Help Our Cause

My User

Share

In Loving Memory of Jane Piano

Member Of In Loving Memory of Jane Piano

Welcome to My Story page!

Help me to spread the word about TS and if you like, support our mission by making an online donation in honor of Jane.  Thank you.

Jane Piano’s Story

Jane was born on June 9, 1963 at Holy Name Hospital in Teaneck, NJ, the youngest of 3 children.

On August 12, 2011, we lost her.  The shocking news was that she stopped breathing during a routine seizure, and despite getting CPR from professionals immediately, they couldn’t revive her.  She was only 48 years old, the baby of our family, the sunshine of our life, adored beyond belief, and it still confounds us. 

Jane was apparently born with Turner Syndrome at birth, but no one, no one noticed it—even after the best of medical professionals diagnosed her birth as perfect. At four months old, Jane started having infrequent episodes of choking to the point of turning blue.  We made many visits to our pediatrician who insisted it must just be a cough since he never ‘saw’ an episode in his office.  It was so scary—because Jane had passed all the routine tests and was gaining weight, the doctor didn’t believe us and sent us home.

Shortly thereafter, we made a frantic call to our family internist.  We told him how Jane turned blue while choking and that we feared for her life!  Our doctor came to our house and witnessed Jane having a choking episode. He quickly turned her upside down, slapped her back and told us she had to be hospitalized immediately. He arranged the hospital admittance for the following morning to Pascack Valley Hospital in Westwood with instructions for us to stay awake in case of another event.

After a weeklong workup, a barium swallow test showed Jane’s esophagus being pulled to her left.  They concluded it was an aortic valve circling her esophagus, and surgery was needed at Columbia Presbyterian Babies Hospital in New York.  Within 48 hours, the team of Heart Doctors at Babies Hospital scheduled Jane for what was called a “vascular ring” surgery (also called aortic valve dissection).  Of course we were so happy that she came through it beautifully and were told she would be normal from now on.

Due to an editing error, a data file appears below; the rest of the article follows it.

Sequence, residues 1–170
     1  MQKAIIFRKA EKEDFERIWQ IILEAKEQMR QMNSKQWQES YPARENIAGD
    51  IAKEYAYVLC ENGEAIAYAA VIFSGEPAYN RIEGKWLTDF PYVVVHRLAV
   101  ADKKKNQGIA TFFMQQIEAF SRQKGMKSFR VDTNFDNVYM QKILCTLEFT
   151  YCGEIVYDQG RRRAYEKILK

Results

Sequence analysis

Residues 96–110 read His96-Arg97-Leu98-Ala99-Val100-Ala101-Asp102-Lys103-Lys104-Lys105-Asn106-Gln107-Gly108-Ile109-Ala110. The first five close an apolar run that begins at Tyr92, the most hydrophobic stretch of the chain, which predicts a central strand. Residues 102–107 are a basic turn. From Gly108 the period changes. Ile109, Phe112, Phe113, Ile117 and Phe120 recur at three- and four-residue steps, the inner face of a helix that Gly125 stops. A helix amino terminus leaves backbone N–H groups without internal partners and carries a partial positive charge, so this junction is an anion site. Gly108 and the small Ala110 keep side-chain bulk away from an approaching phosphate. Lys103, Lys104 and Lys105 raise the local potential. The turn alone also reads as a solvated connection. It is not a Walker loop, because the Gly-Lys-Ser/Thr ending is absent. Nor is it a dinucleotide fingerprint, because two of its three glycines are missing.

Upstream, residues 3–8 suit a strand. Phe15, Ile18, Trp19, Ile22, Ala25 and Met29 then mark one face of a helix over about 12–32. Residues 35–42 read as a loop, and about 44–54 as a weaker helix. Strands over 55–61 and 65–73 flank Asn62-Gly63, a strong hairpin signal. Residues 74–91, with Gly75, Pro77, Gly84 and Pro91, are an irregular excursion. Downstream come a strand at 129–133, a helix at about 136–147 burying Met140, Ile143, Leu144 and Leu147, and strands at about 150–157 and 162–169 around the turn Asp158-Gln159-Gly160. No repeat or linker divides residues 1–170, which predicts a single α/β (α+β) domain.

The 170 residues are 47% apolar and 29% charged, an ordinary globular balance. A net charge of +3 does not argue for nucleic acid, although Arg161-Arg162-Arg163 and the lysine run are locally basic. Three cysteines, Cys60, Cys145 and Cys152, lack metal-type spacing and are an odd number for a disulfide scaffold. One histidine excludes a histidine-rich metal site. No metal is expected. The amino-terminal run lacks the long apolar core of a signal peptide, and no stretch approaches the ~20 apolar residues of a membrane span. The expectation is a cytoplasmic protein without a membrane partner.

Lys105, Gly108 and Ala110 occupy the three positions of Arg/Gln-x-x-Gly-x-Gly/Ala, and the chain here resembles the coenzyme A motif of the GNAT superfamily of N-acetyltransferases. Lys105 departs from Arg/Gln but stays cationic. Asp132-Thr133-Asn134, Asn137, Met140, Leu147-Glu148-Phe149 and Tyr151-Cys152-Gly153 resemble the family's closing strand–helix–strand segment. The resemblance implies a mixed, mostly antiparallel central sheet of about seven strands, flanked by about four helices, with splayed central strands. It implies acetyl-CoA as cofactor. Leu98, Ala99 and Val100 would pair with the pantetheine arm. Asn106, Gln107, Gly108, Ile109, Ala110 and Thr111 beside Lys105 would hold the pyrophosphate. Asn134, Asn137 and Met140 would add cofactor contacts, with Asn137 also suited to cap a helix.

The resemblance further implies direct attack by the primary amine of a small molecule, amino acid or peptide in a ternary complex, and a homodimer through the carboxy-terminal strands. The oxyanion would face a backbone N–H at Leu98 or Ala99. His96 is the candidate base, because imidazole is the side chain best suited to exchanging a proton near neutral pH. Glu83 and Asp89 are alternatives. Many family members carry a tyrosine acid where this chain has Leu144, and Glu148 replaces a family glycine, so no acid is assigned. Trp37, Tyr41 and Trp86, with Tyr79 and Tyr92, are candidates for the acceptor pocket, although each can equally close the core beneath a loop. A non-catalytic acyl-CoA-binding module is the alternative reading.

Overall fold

Looking back, we wonder why a chromosome test wasn’t included. We ask ourselves now if it could have prevented a lot of heartache and pain.

When Jane was 2 years old, we observed odd behavior that frightened us again. The heart team at Babies Hospital advised us to see a neurologist at the Neurological Institute at Columbia Presbyterian. The top doctor there ran a ten-day neurological workup. He found oxygen loss to the brain in the motor area, presumably caused by ‘cerebral insult’ associated with the thoracic surgery. This meant she was now neurologically and physically impaired, as a result of the surgery to repair her cardiac anomaly (which we now know was from TS).  He classified Jane as having Cerebral Palsy.

Although we realized this meant a lifetime of special care - we were still thankful she would be alive!  Nonetheless, looking back we can ask again, why didn’t anyone think of a chromosomal test?

At 13 years old, with no signs of imminent puberty, and her stature remaining quite short, Jane was finally given a chromosomal test. We were told that a normal female baby has 46, or 23 pairs of chromosomes and two “X chromosomes.  Sometimes an error occurs resulting in a baby with 45 chromosomes and only one “X”.   This child will have Turner Syndrome. 

In Jane’s case, 90% of the cells showed a normal appearing 46, XX female chromosome complement, the remainding 10 percent of the cells had a 45, X karyotype.  This finding is consistent with a clinical diagnosis of ‘mosaic” Turner Syndrome. Her doctors did not suggest any hormone therapy – at that time it was a controversial issue.  Most expressed a negative reaction when we asked about it.